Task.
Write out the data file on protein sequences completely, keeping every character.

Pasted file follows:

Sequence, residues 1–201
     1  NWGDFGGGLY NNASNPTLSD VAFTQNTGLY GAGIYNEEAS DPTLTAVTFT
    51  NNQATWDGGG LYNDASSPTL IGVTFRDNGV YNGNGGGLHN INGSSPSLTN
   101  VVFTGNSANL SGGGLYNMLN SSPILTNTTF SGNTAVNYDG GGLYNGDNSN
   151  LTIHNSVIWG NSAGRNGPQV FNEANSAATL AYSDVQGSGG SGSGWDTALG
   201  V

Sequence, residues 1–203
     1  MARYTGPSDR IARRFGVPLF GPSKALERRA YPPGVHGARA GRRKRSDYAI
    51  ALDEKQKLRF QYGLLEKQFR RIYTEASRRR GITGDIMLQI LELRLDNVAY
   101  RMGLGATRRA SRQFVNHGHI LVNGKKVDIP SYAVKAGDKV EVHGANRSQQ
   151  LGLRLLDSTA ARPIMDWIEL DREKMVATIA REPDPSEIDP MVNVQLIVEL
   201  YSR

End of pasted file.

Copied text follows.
Sequence, residues 1–201
     1  NWGDFGGGLY NNASNPTLSD VAFTQNTGLY GAGIYNEEAS DPTLTAVTFT
    51  NNQATWDGGG LYNDASSPTL IGVTFRDNGV YNGNGGGLHN INGSSPSLTN
   101  VVFTGNSANL SGGGLYNMLN SSPILTNTTF SGNTAVNYDG GGLYNGDNSN
   151  LTIHNSVIWG NSAGRNGPQV FNEANSAATL AYSDVQGSGG SGSGWDTALG
   201  V

Sequence, residues 1–203
     1  MARYTGPSDR IARRFGVPLF GPSKALERRA YPPGVHGARA GRRKRSDYAI
    51  ALDEKQKLRF QYGLLEKQFR RIYTEASRRR GITGDIMLQI LELRLDNVAY
   101  RMGLGATRRA SRQFVNHGHI LVNGKKVDIP SYAVKAGDKV EVHGANRSQQ
   151  LGLRLLDSTA ARPIMDWIEL DREKMVATIA REPDPSEIDP MVNVQLIVEL
   201  YSR